Just so everyone knows where I'm going in this post, and to respond in advance to those who might accuse me of burying my lede, let me state here and now that the focus of this piece is about how media in the heart of the Muslim world -- the mostly Arab Middle East -- treated the Orlando massacre.
But first, this: The coverage in the United States and most of the world has been nothing short of overwhelming. The volume of information included in news stories, analysis and opinion pieces produced across the journalistic spectrum has been extraordinary.
Of course it wasn't flawless. How could it be when it had to puzzle together -- without having all the pieces -- the complexities of international terrorism, sexual orientation, cultural and religious influences, gun control and mass murder, presidential politics, the psychology of a twisted mind, and a state of almost unbearably sad raw emotion. Oh -- and doing it while under intense time and competitive pressures, and subject to instant online criticism.
So I'd say it's fair to conclude that today's unforgiving, report-first-confirm-it-later, 24/7 news cycle worked about as well as one can realistically hope it might. I tip my hat for a job well done to all those who worked from the scene and in news rooms to deliver this story of intense public interest.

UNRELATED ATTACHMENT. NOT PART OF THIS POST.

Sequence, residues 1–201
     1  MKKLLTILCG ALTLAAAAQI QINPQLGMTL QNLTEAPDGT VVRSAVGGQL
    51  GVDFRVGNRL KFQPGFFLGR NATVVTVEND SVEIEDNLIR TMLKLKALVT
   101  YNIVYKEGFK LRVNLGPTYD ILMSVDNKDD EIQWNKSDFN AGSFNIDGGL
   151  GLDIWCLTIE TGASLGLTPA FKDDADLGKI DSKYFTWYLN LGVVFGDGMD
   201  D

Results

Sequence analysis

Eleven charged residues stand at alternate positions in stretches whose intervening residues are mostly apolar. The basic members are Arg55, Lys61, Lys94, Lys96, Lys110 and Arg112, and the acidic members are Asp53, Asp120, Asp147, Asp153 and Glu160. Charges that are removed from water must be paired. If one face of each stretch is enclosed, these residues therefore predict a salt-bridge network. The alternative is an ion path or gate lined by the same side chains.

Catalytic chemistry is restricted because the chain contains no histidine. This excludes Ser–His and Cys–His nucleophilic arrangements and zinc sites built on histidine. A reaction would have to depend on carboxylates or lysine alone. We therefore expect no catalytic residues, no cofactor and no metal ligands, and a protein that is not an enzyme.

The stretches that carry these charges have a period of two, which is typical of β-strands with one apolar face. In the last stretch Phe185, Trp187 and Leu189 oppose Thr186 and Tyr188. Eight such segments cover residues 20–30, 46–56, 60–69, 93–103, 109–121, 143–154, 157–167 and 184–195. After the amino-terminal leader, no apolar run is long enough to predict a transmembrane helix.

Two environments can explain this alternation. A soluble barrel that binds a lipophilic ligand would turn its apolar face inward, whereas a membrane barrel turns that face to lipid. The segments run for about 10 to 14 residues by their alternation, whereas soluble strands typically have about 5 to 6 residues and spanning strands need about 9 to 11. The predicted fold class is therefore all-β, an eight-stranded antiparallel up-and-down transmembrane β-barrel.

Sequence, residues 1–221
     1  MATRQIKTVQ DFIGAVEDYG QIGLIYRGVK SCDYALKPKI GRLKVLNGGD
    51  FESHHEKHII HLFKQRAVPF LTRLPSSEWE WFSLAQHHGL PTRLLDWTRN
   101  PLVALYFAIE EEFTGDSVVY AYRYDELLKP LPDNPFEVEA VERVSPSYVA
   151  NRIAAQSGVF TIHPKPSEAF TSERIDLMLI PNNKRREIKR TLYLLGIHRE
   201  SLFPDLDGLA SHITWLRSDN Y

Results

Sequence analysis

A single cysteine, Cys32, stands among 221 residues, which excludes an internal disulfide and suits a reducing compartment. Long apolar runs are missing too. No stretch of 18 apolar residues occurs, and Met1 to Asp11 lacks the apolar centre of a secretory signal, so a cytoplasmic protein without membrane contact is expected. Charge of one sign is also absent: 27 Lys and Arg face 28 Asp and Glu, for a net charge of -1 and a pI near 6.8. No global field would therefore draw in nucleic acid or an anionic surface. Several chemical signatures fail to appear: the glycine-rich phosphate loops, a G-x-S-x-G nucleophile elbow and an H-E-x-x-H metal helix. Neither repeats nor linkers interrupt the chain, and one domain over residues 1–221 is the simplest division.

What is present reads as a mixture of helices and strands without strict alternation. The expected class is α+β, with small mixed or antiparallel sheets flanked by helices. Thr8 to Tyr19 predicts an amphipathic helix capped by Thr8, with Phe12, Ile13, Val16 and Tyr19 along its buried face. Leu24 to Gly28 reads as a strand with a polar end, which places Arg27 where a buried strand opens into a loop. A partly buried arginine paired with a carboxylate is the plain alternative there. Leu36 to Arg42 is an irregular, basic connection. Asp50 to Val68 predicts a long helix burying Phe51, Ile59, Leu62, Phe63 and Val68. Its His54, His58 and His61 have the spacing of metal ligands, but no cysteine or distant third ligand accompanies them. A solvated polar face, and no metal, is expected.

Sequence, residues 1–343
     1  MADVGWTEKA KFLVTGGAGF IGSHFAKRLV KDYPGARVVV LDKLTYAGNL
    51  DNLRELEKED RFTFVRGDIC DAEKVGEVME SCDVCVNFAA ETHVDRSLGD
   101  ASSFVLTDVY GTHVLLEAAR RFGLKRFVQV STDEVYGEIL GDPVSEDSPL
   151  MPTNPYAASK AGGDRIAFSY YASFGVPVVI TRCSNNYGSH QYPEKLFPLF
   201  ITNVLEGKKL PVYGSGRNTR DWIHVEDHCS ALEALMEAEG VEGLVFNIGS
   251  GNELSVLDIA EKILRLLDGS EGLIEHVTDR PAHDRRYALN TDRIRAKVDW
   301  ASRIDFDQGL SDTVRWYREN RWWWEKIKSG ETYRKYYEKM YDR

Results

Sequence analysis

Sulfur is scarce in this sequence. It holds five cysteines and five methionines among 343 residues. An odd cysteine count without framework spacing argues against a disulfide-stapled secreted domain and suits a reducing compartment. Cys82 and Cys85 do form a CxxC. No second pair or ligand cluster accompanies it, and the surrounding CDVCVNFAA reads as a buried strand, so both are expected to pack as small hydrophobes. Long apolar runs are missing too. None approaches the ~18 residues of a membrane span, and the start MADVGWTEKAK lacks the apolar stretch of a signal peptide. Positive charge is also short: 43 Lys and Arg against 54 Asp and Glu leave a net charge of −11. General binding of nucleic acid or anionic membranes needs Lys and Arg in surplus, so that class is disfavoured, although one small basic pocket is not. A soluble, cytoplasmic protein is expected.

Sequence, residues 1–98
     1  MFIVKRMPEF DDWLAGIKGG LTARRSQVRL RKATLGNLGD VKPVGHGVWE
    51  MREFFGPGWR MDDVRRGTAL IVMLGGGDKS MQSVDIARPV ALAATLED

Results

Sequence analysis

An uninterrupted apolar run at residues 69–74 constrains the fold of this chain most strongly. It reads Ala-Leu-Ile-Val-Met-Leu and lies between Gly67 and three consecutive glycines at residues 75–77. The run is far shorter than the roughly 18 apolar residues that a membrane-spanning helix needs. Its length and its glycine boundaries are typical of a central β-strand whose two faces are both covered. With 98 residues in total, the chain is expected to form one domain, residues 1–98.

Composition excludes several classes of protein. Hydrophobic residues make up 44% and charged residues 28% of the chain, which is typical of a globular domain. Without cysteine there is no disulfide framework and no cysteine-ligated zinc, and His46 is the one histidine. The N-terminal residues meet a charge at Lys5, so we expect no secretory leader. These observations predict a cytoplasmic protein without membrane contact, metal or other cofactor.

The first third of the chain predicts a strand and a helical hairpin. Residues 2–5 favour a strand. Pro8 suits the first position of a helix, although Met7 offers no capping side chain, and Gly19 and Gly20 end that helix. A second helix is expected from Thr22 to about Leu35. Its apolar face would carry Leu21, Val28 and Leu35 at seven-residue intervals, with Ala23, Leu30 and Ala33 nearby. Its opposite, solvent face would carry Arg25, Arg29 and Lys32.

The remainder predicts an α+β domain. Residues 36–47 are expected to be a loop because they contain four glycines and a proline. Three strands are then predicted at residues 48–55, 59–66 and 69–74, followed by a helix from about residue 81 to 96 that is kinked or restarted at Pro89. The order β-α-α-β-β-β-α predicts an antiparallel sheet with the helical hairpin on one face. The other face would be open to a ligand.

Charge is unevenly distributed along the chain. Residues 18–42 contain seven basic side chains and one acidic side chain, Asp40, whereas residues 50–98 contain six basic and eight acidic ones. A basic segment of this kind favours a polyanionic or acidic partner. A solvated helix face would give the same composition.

Let's not overlook the good when perfection is out of reach.
My reading of the preponderance of the coverage by mainstream, Western-oriented news operations was that it once again self-identified with the victims in the manner that follows every ugly manifestation of terrorist mass murder these days. What else could it do?
That is not to say there weren't pointed questions about America's politically sacrosanct gun culture. Or differences of opinion about the role played in Orlando by Islam and, in particular, the influence of the Islamic State.
Today, we are all Paris, Istanbul, Brussels, Mali, Kabul, Nigeria, Tel Aviv, Ivory Coast, Egypt, Syria, San Bernardino, etc., etc. There are far too many places to list them all.
Now, we're all Orlando. Who knows who we'll be in a week or two?
I make no claim to having read, watched and heard all the foreign reportage and opinionated analysis. To attempt that would have driven me mad, not to mention my linguistic limitations.